Sharing MS Genes with other conditions

Fortune MD, Guo H, Burren O, Schofield E, Walker NM, Ban M, Sawcer SJ, Bowes J, Worthington J, Barton A, Eyre S, Todd JA, Wallace C. Statistical colocalization of genetic risk variants for related autoimmune diseases in the context of common controls.
Nat Genet. 2015 . doi: 10.1038/ng.3330. [Epub ahead of print]

Determining whether potential causal variants for related diseases are shared can identify overlapping aetiologies of multifactorial disorders. Colocalization methods disentangle shared and distinct causal variants. However, existing approaches require independent data sets. Here we extend two colocalization methods to allow for the shared-control design commonly used in comparison of genome-wide association study results across diseases. Our analysis of four autoimmune diseases-type 1 diabetes (T1D), rheumatoid arthritis, celiac disease and multiple sclerosis-identified 90 regions that were associated with at least one disease, 33 (37%) of which were associated with 2 or more disorders. Nevertheless, for 14 of these 33 shared regions, there was evidence that the causal variants differed. We identified new disease associations in 11 regions previously associated with one or more of the other 3 disorders.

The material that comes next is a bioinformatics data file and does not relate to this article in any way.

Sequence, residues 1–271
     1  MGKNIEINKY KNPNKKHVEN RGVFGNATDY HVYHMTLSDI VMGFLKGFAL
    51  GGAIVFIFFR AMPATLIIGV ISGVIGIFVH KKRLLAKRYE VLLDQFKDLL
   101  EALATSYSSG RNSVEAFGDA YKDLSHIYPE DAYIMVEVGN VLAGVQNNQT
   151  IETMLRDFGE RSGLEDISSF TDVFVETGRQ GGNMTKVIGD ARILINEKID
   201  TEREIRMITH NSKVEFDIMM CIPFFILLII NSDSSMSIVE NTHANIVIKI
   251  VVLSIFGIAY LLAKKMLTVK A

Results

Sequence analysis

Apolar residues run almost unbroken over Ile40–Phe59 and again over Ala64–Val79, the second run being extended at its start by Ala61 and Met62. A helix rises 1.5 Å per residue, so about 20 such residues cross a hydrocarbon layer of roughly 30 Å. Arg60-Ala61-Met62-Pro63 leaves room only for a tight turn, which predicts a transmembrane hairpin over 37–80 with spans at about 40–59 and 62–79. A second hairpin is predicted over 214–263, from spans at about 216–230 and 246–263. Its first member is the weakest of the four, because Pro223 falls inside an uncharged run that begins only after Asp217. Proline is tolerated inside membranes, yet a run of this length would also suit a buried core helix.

If we look at autoimmune diseases and read the papers about them there are common themes like T cells, MHC, Sex differences and it would expected that there would be common genetic pathways between diseases and this is what they found with some genes controlling susceptibility to different autoimmunities, others were different and others appeared to link with different variants, but this is not surprising anti-TNF makes arthritis better and MS worse.